Planets like Star Wars’ Tatooine could be fit for life

Like Luke Skywalker’s home, many habitable planets in the universe may have two suns

An illustration of the Kepler-35 system with a planet in the foreground and two stars in the background.

An artist's impression of a world that may exist in the Kepler-35 system. It orbits two suns. Such places could provide cozy solar systems for Earthlike planets.


SEATTLE, Wash. — Luke Skywalker’s home planet in Star Wars is the stuff of science fiction. Called Tatooine, the planet orbits two stars. A new study suggests similar planets might be the best focus in the search for places that can host life outside our solar system.

Many suns come in pairs called binary stars. Lots of these should have planets orbiting them. That means there could be more planets orbiting around binary stars than around lone stars like our sun. But until now, no one had a clear idea about whether those planets could sustain life. New computer models suggest that in many cases life could imitate Star Wars.

Earthlike planets orbiting some binary stars can stay in stable orbits for at least a billion years. Researchers shared their finding in Seattle, January 11, at the American Astronomical Society meeting. That sort of stability could potentially allow life to develop, as long as the planets aren’t too hot or too cold.

The researchers ran computer models of binary stars arranged in thousands of ways. Each had an Earthlike planet orbiting the two stars. The team varied things like how massive the stars were compared to each other. They modeled different sizes and shapes of the stars’ orbit around each other. And they also looked at the size of the planet’s orbit around each star pair.

The scientists then tracked the motion of the planets for up to a billion years of simulated time. That revealed whether the planets would stay in orbit over timescales that might allow life to emerge.

They also checked to see if the planets stayed in a habitable zone. That’s the region around a star where an orbiting planet’s temperatures are never extremely hot or cold, and water could stay liquid.

The team made models for 4,000 sets of planets and stars. Of those, roughly 500 had stable orbits that kept planets in their habitable zones 80 percent of the time.

Going steady

A planet orbiting binary stars can get kicked out of its solar system. The gravity of each star and the planet affect the planet’s orbit. That can create complicated interactions that push out the planet. In the new work, the researchers found that only about one out of every eight such planets was kicked out of its system. The rest were stable enough to orbit for the full billion years. About one in 10 settled into their habitable zones and stayed there.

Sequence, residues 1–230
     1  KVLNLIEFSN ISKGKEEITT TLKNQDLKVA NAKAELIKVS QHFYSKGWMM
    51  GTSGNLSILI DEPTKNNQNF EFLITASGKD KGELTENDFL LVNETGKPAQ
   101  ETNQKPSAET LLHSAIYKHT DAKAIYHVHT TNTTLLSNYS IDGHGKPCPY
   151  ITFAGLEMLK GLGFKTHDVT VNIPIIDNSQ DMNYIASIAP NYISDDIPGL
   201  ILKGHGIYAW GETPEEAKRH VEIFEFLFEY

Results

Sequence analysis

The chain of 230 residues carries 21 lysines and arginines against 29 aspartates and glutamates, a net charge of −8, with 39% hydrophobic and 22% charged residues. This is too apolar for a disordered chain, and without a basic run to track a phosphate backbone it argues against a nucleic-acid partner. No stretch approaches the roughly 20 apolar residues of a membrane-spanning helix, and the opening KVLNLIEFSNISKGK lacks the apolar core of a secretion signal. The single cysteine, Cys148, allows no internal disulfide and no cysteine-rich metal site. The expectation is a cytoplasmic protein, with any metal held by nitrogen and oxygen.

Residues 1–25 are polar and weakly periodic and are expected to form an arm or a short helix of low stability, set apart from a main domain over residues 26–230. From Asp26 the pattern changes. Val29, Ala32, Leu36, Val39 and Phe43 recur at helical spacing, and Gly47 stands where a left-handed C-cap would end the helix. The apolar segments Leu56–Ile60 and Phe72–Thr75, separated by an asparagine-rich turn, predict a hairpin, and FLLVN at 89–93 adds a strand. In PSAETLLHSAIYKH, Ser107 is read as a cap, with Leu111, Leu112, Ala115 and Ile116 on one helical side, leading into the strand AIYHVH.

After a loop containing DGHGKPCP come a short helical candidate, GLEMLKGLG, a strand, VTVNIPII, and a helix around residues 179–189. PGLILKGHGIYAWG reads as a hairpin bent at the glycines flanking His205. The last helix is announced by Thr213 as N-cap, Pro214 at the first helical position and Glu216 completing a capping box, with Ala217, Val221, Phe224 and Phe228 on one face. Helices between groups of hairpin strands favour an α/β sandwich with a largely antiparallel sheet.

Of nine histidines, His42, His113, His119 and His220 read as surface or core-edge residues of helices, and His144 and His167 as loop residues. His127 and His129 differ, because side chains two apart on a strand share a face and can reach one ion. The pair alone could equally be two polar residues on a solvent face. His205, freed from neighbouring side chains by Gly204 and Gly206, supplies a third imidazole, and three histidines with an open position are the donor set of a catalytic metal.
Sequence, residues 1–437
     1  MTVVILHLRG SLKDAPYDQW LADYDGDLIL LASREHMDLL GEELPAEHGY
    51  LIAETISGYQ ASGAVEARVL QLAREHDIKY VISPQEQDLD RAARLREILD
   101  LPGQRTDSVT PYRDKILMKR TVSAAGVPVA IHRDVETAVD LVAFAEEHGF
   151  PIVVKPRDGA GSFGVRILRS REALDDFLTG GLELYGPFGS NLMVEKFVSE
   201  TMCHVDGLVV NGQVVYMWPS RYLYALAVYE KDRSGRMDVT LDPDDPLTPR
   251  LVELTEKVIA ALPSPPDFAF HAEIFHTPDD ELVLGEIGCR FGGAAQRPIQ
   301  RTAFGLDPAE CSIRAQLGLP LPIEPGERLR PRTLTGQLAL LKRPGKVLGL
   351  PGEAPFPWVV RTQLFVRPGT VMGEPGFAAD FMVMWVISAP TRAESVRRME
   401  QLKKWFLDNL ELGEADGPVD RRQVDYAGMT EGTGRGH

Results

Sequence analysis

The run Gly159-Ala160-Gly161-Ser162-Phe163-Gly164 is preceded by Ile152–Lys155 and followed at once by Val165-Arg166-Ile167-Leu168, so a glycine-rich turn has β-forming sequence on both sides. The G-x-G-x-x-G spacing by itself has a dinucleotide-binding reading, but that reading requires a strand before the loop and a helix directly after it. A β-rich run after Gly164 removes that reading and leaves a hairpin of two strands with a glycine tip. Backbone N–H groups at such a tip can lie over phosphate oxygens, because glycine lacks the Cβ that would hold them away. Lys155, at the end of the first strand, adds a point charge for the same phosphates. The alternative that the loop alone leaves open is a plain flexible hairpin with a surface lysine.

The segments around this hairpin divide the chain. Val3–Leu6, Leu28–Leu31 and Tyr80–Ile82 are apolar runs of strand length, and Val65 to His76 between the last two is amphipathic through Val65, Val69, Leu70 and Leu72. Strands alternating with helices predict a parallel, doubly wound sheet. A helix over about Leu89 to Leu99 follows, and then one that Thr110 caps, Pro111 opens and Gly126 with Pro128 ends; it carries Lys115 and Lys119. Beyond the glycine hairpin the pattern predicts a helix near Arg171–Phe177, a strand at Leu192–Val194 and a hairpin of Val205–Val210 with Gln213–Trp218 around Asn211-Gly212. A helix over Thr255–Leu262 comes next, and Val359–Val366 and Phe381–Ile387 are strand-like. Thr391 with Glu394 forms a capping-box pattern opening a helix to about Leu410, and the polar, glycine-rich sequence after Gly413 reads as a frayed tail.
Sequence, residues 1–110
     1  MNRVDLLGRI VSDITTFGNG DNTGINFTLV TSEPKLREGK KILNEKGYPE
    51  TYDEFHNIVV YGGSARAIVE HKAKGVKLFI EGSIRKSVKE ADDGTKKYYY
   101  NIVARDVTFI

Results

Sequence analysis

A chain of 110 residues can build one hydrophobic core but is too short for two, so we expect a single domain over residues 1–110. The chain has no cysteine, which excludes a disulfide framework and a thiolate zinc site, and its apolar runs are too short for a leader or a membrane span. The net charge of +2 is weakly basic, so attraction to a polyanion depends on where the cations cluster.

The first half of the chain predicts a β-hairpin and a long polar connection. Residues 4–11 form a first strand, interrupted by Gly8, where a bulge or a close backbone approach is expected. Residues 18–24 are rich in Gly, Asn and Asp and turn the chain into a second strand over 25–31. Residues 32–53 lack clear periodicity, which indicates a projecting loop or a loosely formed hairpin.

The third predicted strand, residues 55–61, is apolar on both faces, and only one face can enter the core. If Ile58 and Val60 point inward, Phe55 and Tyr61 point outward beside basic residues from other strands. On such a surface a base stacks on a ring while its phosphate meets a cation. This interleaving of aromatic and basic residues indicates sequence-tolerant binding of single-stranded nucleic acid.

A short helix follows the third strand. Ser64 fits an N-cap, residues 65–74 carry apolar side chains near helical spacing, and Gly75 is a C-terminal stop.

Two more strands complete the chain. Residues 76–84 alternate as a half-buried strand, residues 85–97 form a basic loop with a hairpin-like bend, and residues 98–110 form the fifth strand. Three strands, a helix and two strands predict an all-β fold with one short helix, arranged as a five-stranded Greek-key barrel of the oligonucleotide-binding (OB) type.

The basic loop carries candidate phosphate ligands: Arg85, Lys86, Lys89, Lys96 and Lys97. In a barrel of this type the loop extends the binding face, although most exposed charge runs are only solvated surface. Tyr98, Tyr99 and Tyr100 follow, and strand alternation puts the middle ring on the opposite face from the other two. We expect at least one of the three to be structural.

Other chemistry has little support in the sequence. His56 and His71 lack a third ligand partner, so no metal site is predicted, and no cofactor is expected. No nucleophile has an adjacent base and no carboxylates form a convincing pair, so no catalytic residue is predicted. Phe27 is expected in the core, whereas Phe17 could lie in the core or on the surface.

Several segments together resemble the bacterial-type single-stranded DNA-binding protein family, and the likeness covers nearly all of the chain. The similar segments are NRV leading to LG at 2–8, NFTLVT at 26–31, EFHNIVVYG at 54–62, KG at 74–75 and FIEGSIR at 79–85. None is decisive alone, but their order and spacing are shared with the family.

The team defined the habitable zone as spanning the temperatures at which water freezes and boils, says Michael Pedowitz. He’s an undergraduate student at the College of New Jersey in Ewing who presented the research. That choice allowed the team to model Earthlike planets without atmospheres or oceans. This made their task easier. It also meant that temperatures could swing wildly on a planet through its orbit.

An atmosphere and oceans could smooth out some of those temperature variations, says Mariah MacDonald. She’s an astrobiologist at the College of New Jersey. She, too, took part in the new modeling work. An abundance of air and water could change the picture. It might maintain the conditions for life even if a planet strayed from the typical habitable zone. Adding atmospheres to the modeled planets should increase the number that could host life, she concludes.

She and Pedowitz hope to build more advanced models in coming months. They also want to project them out longer than a billion years. And they’d like to include changes in the stars that can affect conditions as a solar system ages.

Models of planets orbiting binary stars could guide future efforts to look for them with telescopes says Jason Wright. An astrophysicist, he studies the physics of stars at Pennsylvania State University in University Park. He was not involved in the new study. “This is an under-explored population of planets. There’s no reason we can’t go after them,” he says. And, he adds, it might be worthwhile to try.

“At the time Star Wars came out,” Wright says, “we didn’t know of any planets outside the solar system — and wouldn’t for 15 years. Now we know that there are many and that they orbit these binary stars.”

James Riordon is a freelance science writer who covers physics, math, astronomy and occasional lifestyle stories.

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